On different places in Europe, independently of one another and apart from official meetings, people look for new ways to remember the Second World War.
Now fewer and fewer people have lived through the war, people are actively looking for a personal experience of it. Photographer Roger Cremers wondered about this when he first visited Auschwitz. The former concentration camp was like a recreation area. NRC Handelsblad placed the series and Cremers won a 1st prize with the World Press Photo 2009. Even abroad the images got a lot of attention.
Cremers visited historical places from Normandy to the Crimea and realized that the dividing line between remembering and recreation is fading. He photographed several re-enactments – in full uniform and on the historical site – of events from the Second World War.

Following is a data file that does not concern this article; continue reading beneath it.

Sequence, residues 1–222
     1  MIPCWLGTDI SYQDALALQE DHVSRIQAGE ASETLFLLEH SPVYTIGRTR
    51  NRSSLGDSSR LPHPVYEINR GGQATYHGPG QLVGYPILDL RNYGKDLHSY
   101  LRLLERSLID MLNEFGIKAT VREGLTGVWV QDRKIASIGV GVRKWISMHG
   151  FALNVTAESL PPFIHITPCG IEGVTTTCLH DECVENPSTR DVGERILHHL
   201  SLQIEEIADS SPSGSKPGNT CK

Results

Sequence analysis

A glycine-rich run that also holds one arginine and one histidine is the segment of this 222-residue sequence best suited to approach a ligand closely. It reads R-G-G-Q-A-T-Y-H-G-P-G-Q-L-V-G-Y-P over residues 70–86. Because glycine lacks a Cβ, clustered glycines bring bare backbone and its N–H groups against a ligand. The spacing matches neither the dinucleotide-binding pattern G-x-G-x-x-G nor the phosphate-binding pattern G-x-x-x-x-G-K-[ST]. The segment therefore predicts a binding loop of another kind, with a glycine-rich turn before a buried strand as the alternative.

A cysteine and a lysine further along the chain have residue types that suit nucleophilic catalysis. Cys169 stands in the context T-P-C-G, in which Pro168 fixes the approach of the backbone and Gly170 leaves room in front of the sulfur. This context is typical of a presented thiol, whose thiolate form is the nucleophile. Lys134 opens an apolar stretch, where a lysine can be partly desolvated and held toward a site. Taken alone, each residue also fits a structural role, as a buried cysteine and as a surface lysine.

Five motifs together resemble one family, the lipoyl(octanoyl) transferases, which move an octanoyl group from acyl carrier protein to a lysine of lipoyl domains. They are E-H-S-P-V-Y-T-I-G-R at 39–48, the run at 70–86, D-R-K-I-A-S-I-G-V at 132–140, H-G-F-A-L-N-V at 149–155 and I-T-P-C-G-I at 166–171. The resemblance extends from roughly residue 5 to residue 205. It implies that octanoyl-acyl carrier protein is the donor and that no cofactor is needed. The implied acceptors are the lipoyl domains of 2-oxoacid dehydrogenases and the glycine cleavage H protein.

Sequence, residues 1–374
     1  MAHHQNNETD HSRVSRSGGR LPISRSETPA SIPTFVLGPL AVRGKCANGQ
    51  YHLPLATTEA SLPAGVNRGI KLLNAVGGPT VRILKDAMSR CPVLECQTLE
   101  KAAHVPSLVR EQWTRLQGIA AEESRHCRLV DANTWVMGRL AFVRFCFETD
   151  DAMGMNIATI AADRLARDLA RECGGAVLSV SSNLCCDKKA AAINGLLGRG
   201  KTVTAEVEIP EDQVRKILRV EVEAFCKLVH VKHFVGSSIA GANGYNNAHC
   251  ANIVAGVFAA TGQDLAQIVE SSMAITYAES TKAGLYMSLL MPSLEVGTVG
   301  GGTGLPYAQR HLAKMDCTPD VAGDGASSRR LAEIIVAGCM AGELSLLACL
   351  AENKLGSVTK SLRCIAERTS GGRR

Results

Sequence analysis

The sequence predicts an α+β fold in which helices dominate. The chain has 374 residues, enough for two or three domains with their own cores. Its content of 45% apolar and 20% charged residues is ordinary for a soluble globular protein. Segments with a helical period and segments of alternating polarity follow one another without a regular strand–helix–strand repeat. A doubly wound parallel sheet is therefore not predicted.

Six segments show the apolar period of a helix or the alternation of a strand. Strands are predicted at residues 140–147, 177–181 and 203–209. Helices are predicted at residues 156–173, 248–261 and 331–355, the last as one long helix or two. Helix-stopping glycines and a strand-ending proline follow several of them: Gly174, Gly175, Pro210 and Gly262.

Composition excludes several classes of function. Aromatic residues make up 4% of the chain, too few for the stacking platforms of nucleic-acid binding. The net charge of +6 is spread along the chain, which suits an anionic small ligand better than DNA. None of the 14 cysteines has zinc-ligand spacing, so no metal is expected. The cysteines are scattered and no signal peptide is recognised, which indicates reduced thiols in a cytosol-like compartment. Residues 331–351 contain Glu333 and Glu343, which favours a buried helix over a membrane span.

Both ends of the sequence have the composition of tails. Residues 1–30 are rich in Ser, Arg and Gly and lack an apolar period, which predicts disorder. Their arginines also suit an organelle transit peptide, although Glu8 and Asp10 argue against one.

Far away in Russia he talked with amateur archaeologists; youth in their twenties searching in their spare time for the remains of thousands of anonymous victims of the Battle of Stalingrad in order to give them a final resting place.
This book captures the contradictions Cremers found during his travels. People who carry an unspeakable sorrow with them to this day, tourist buses on the road to the next point of interest and people who take pleasure in re-enacting the war.